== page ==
Yes a great episode, but one I find difficult to watch like some others (eg. Branded) because you feel so sorry for the character involved, Wilson in this case. Not so much for his bank being bombed, but he seems destined to be stuck with Mainwaring forever, both in the platoon and at the bank.
Best episode of all in my opinion. Question for all............Does anyone know what the classical piece of music is at the end when an examination of the bombed bank is underway? Thanks.
First movement of Tchaikovsky's Piano Concerto Number 1 in B-flat minor. Posted here because I found this thread while looking for the answer myself!
This would also be well up there if I was asked for a "best episode", with a few reservations. Perhaps the class issue is tackled a little heavy-handedly at times rather than gently simmering away in the background, so it isn't representative of the series as a whole. If you wanted to show somebody a "quintessential" slice of Dad's Army this probably isn't it, though if you wanted to present a slice of social history it has more meat than most. That serious side didn't stop me laughing a lot, but I don't think I could say it's one of the funniest. Sometimes a dose of tragedy can elevate a comedy and I do get the impression they were aiming at "higher things" artistically and dramatically, rather than maximum humour. The character exploration is excellent (even the farce of the promotions is enjoyable but also insightful) and from an emotional point of view I don't think any episode moved me so much. The Tchaikovsky helps pack the punch - the scene of the bombed-out bank is for me one of the great Dad's Army moments, right up with "Don't tell him, Pike!" - and the episode as a whole has always stuck in the memory.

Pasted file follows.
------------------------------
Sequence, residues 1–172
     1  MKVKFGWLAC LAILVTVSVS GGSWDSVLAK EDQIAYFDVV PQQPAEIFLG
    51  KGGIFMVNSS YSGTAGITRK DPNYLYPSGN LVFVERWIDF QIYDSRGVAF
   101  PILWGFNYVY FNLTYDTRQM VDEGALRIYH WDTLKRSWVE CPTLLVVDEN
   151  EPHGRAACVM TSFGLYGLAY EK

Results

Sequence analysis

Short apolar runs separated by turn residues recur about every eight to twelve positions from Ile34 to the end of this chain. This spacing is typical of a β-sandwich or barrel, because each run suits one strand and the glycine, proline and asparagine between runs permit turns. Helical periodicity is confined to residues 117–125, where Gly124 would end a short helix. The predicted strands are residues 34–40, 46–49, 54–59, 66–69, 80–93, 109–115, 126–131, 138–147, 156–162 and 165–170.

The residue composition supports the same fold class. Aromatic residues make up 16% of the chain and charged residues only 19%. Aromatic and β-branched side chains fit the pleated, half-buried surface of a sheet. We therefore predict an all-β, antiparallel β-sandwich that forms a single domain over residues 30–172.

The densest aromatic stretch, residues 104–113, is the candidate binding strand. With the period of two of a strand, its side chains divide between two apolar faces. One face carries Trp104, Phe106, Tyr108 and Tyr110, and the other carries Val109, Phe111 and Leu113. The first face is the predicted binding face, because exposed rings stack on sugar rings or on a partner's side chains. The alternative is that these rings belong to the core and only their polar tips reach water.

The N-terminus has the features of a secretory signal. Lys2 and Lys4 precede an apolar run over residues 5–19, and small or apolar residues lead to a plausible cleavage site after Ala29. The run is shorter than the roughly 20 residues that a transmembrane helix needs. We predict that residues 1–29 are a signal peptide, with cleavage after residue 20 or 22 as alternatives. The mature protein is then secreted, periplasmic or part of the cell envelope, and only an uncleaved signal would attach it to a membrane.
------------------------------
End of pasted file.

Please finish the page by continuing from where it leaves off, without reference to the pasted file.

It stands up very well to each re-watching, though I can't say that every time I see it again I spot something new, which is perhaps the hallmark of truly great TV. To be great comedy maybe it should have tried harder to make me laugh. Nevertheless, I adore this episode and even when I know exactly what is going to happen, I can't take my eyes off it. I think the appeal is that it takes characters I grew up with, know and love, but have somehow "got used to", and makes me care for them anew.
Last Edit: Oct 16, 2017 14:37:54 GMT 12 by mrwest: grammar!